New Dog Agility Exercise Study
to be Conducted at the Zoom Room
World’s First Scientific Research Study of Human Physiological Responses During Dog Agility Training
The Zoom Room is delighted to announce that it will be hosting the first ever scientific research study into the physiological responses (of humans) when practicing dog agility.
One week from today, on Thursday, March 11, exercise physiology researchers from the University of Massachusetts at Amherst will be flying in to Los Angeles to commence a scientific research study into into how many calories are expended and the heart-rate responses realized while engaging in dog agility training with your pet.
Using specialized portable metabolic measurement devices, researchers will be examining metabolism, calories burned and heart-rate responses of humans doing dog agility training.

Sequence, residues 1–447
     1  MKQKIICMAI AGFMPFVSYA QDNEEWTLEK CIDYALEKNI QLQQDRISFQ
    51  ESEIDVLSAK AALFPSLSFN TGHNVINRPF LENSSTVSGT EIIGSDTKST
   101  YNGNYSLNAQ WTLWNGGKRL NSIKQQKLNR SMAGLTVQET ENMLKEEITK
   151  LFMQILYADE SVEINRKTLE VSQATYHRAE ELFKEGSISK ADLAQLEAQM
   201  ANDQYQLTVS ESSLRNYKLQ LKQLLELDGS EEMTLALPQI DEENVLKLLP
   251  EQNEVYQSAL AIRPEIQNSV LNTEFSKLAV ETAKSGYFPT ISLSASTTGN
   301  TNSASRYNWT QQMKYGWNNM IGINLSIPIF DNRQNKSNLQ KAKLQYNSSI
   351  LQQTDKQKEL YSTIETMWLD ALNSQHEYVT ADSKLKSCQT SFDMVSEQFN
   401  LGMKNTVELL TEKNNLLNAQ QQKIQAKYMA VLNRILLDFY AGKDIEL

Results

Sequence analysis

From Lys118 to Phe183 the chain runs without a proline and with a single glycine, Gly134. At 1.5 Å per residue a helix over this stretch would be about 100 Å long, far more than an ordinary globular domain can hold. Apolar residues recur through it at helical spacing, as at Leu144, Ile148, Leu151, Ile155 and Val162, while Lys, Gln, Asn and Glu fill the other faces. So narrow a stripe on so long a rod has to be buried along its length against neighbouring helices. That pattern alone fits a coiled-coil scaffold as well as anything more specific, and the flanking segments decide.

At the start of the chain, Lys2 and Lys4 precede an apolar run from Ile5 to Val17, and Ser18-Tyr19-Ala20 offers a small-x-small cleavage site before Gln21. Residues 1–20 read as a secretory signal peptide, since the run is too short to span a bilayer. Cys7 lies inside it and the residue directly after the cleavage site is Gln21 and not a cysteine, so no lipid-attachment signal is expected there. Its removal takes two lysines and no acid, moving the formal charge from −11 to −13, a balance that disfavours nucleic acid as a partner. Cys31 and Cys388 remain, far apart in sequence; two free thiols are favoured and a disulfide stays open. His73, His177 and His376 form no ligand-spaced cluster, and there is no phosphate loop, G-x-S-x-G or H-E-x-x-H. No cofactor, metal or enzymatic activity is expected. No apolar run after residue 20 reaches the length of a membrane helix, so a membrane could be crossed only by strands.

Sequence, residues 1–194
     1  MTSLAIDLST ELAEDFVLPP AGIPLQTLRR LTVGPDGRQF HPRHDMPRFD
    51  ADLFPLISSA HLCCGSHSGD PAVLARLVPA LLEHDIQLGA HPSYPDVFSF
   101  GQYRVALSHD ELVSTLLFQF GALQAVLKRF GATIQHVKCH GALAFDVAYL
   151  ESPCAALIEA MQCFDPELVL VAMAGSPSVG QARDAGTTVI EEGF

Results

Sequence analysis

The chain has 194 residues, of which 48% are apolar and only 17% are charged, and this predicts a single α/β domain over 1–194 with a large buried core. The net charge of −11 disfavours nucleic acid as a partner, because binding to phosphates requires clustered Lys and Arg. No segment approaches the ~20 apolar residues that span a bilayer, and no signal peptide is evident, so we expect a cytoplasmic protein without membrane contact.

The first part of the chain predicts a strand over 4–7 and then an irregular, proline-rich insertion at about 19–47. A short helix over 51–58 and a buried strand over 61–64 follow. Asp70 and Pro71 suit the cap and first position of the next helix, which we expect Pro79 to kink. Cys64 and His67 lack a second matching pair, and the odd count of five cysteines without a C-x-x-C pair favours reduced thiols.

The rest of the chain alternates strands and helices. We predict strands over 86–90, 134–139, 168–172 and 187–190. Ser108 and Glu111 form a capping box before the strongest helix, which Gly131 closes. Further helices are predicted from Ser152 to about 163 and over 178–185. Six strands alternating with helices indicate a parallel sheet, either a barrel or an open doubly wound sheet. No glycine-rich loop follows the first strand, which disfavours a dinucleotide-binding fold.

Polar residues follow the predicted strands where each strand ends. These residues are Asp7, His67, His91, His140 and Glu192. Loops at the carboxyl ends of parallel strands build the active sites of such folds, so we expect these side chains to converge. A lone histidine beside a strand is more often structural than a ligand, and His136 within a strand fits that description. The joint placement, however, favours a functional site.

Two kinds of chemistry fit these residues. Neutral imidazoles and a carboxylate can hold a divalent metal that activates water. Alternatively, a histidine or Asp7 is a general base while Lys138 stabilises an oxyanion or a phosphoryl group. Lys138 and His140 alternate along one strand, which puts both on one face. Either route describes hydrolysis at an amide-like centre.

The project is being overseen by Dr. Patty Freedson, the Chair in Kinesiology at UMass Amherst. Dr. Freedson’s research interests include children’s responses to exercise, physical activity assessment, and exercise and women’s health. Her work focuses on determinants of performance and fitness in children and adults, development and validation of objective techniques to assess habitual physical activity in children and adults.
Dr. Freedson is a leading pioneer in the creation of portable devices for measuring indices of physical activity, and recently received a grant of $2.1 million from the National Institute of Health for developing such technology. Her expertise in this field is thus a perfect fit for examining the fast-paced dog sport of agility training.
The Zoom Room has long celebrated the joys and benefits of dog agility for developing speed, agility, and coordination in dogs, and enhancing communication between dogs and their owners. We are utterly delighted to now enter the forefront of scientific exploration into the nature of the physiological responses of humans during dog agility training.
UPDATE: Click here to see photos of the exercise study.